jimlangley

Please Read: SCCTTC Basic Operating Principles & Rules of Play as of April, 2018

Dear Santa Cruz County Table Tennis Club players,

Based on a few recent questions, comments and emails from players, Willie and I thought it was time to share some of the club’s basic operating principles and rules of play.

The one big change you will read about below is that Reuben has volunteered to open the club on Tuesdays and Thursdays at 5 p.m. (Thank you, Reuben!) BUT, please continue reading to learn all the important details.

Wyreless & Willie

Wyreless & Willie

About our club

We are a fun, friendly and loosely organized club. From day one we always wanted the club to be a place for all players, beginners to experts. We never wanted ours to be an elite club like those that give you a feeling that you’re not good enough or unwelcome. Thanks to you all, we have an awesome club and in many ways one of the best you’ll ever play at.

The club was founded circa 1991 (no one is certain of the exact date), by J.P. Monnerey, Willie (Richard Williams), Stephen Pollard and Jim (Jim Langley). J.P. left the area and Stephen Pollard died. Willie is the president and Jim is the vice president. These are the only club officers. Ray is the club webmaster. Debbie has helped a tremendous amount with legal advice and documents. And many of you pitch in in many ways which is greatly appreciated and very helpful. The club wouldn’t work without great members.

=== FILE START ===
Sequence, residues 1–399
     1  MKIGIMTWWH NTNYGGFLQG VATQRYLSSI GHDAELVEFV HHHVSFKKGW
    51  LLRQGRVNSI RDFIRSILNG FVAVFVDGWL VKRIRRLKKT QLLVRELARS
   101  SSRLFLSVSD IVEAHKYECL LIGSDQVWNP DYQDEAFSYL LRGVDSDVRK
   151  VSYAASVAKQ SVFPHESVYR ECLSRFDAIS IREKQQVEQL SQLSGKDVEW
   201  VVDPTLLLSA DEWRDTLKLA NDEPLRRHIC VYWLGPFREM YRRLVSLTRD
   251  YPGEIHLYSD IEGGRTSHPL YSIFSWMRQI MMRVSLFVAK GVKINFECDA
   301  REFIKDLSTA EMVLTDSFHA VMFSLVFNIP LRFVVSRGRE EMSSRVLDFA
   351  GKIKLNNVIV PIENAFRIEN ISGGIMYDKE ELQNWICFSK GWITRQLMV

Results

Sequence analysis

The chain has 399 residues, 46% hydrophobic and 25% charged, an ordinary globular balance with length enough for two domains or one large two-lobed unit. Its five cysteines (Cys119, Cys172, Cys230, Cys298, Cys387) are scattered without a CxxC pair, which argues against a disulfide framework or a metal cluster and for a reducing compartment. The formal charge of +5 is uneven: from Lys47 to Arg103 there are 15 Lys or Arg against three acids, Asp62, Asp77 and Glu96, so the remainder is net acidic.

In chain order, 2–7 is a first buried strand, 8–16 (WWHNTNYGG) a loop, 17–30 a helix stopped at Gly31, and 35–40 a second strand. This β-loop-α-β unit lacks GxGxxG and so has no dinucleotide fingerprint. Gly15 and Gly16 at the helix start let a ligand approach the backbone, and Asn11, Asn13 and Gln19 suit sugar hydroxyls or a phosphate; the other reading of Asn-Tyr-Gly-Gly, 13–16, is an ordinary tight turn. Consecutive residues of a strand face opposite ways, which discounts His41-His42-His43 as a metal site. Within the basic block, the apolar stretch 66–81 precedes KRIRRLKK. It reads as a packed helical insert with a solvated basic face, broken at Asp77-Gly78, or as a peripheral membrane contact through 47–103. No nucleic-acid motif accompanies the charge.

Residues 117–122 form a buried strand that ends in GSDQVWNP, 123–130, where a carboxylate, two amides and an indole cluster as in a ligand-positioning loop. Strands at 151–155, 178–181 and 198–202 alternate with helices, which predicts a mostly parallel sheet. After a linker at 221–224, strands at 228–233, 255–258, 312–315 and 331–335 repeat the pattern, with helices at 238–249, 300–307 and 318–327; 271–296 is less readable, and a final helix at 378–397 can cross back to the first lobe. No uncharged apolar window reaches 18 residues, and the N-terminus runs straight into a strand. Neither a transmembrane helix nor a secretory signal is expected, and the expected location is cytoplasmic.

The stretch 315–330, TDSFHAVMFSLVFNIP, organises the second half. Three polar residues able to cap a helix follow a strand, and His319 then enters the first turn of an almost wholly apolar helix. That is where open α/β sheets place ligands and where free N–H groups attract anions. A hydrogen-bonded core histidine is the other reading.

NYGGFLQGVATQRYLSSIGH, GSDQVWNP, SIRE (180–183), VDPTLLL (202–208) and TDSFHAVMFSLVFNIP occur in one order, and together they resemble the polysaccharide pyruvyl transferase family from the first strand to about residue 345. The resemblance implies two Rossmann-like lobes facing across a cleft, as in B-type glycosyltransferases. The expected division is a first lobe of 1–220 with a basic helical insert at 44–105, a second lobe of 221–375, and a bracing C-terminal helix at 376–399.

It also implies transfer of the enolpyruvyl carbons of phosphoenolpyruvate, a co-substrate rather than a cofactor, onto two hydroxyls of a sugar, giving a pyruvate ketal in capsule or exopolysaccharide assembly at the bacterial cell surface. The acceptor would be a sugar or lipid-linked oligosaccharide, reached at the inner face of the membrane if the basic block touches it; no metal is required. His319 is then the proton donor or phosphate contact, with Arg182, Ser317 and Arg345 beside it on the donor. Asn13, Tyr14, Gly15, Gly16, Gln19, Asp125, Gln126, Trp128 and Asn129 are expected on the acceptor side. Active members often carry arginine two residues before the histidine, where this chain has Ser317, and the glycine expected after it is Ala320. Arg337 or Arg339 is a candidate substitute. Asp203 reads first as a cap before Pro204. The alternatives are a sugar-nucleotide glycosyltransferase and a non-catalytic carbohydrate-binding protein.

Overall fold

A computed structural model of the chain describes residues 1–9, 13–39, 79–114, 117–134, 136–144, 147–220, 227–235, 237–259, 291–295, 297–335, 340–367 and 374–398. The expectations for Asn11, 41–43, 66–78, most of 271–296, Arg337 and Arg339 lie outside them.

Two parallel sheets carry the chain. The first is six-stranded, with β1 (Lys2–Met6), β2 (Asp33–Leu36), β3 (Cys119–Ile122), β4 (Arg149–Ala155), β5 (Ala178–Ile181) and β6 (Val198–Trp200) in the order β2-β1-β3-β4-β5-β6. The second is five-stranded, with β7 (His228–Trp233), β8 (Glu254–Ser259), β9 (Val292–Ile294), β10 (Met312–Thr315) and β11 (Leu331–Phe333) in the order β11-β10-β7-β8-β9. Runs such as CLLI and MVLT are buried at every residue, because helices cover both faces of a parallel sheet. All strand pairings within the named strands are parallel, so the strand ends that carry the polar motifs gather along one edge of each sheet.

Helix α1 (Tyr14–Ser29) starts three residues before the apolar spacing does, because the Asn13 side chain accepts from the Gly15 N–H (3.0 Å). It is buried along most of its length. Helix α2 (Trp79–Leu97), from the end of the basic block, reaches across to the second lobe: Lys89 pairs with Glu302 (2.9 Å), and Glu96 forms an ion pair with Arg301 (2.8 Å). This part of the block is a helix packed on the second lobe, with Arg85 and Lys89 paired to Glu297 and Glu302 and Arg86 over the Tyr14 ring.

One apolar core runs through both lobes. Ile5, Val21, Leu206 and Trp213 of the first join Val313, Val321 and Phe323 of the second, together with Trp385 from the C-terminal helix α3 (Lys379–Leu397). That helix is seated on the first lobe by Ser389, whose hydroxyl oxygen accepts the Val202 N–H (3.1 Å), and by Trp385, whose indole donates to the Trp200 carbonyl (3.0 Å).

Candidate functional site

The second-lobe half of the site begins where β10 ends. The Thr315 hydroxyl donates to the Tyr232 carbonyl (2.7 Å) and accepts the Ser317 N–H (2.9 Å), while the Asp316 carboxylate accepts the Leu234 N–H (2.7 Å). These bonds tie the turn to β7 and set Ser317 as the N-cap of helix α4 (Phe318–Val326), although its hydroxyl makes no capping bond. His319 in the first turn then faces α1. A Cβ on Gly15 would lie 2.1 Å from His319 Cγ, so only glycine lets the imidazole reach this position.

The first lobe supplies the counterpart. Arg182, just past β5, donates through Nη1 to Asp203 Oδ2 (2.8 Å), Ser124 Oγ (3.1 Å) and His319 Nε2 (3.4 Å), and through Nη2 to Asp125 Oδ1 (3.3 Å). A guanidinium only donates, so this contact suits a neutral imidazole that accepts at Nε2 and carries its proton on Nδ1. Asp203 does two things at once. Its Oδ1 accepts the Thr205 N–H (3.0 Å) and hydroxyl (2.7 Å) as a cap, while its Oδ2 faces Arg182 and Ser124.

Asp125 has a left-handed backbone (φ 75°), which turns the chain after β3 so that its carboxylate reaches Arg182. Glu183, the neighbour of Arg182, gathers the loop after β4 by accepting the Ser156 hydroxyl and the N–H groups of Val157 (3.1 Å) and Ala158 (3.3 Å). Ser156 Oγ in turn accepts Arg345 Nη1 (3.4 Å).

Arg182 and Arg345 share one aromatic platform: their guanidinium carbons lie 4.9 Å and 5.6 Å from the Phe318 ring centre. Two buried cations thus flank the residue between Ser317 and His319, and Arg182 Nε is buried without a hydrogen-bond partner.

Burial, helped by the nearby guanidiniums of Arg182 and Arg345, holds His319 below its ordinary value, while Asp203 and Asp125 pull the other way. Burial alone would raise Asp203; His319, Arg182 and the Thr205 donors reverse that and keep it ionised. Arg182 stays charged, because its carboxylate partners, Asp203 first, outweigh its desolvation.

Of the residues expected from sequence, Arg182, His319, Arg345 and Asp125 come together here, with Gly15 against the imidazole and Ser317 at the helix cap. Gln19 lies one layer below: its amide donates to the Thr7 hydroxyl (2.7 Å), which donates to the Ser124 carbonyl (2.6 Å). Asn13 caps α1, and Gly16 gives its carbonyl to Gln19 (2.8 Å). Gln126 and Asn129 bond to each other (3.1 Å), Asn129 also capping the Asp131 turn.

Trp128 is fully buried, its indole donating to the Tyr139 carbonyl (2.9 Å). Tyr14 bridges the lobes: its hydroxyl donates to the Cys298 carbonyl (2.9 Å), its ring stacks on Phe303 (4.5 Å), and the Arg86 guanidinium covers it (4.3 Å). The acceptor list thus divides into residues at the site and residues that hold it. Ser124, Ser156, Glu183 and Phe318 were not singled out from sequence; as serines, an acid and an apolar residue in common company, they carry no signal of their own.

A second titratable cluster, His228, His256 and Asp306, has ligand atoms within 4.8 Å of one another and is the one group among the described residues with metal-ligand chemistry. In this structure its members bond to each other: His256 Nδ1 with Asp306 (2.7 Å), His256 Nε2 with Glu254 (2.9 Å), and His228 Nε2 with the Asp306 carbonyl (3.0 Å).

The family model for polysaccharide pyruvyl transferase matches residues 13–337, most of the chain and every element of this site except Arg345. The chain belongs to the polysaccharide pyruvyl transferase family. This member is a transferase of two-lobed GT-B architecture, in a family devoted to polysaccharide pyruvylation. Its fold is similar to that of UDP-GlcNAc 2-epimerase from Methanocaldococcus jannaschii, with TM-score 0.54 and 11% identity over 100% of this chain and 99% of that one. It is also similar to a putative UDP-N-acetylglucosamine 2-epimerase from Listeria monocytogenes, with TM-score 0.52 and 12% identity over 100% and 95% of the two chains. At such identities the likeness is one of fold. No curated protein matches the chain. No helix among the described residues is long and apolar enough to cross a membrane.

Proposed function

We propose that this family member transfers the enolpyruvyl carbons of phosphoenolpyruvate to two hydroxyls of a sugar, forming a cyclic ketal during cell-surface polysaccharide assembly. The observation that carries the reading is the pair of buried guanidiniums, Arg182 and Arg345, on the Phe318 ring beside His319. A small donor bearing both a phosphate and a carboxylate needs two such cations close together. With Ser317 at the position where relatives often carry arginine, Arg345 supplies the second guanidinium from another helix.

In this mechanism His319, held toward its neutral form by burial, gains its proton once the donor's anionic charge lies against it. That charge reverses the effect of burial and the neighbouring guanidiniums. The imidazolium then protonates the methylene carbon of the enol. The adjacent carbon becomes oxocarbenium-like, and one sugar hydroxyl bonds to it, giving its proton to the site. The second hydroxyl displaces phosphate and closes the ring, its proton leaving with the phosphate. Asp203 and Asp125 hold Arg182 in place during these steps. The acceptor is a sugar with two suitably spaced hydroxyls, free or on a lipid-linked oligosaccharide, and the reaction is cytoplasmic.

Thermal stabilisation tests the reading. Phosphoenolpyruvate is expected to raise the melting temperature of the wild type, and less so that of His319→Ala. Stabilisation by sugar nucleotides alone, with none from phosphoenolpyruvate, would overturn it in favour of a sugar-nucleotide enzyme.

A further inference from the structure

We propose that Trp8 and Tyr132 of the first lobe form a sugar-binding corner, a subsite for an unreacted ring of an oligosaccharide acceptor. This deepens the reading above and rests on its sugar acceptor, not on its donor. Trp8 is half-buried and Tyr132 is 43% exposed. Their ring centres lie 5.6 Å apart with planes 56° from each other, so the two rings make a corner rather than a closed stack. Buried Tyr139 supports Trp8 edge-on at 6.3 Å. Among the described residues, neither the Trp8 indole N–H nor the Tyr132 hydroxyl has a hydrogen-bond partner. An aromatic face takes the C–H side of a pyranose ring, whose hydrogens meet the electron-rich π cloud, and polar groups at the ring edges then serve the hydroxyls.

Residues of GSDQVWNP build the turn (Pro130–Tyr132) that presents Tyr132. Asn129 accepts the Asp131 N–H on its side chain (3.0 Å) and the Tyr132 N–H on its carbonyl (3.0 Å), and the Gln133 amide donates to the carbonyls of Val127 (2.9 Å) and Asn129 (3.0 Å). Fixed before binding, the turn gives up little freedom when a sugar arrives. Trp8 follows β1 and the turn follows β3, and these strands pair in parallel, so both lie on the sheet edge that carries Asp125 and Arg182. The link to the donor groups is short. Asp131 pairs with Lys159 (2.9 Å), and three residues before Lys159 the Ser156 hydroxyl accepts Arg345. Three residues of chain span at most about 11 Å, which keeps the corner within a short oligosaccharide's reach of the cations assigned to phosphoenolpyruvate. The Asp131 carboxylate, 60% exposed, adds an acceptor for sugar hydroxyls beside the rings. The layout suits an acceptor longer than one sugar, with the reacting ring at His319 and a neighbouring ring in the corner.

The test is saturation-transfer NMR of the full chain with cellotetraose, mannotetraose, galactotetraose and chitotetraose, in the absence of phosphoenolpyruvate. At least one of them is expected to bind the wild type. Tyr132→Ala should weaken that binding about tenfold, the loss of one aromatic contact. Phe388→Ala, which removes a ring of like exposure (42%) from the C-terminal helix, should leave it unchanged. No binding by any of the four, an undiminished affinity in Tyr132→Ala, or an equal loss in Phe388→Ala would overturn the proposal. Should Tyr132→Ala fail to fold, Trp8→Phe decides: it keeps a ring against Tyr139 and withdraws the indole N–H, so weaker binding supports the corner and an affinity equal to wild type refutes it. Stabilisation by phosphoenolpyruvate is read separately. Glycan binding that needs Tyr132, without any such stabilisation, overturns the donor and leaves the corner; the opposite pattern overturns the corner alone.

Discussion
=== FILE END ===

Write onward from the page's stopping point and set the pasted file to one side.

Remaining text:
Who “owns” the club

We have never thought of the club as having an owner, but from a legal standpoint, Willie is the defacto owner of the club. He deals with all the bill paying and banking and equipment purchases, etc. Willie and Jim do talk about this stuff and make decisions based on the best interests of the club. If something were to happen to Willie, Jim has the access to the books and bank to keep the club going.

Willie is also the reason we get to use the Portuguese Hall. He is a member of the Hall. We are very lucky to have been able to play at the Hall for 27 years non-stop (!). It is extremely difficult to find a place in our super expensive Santa Cruz, that’s big enough to play and where you can also store your equipment. And, while our rent has gone up over the years, we have always been able to offer a low entry fee nightly (fun trivia: in 1991 we charged $3 to play all night; today it’s only gone up to $5).

We pay rent to the Hall. The $5 fee the club charges you to play covers our rent (which includes a fee for storing our equipment) and allows us to buy new equipment. We are a not-for-profit club. We are a member of USA Table Tennis and pay a yearly fee for this, too – in part to have insurance.

Things we’ve tried at the club

Since players ask about certain things that seem like good ideas, we’d like to explain that over the years we have tried all kinds of different “great ideas.” If they didn’t work, we discontinued them. For example,

  • We tried having little punchcards so you could pay the club fee for many months and get your card punched instead of having to pay each visit (sounded good but turned into a bit of a nightmare).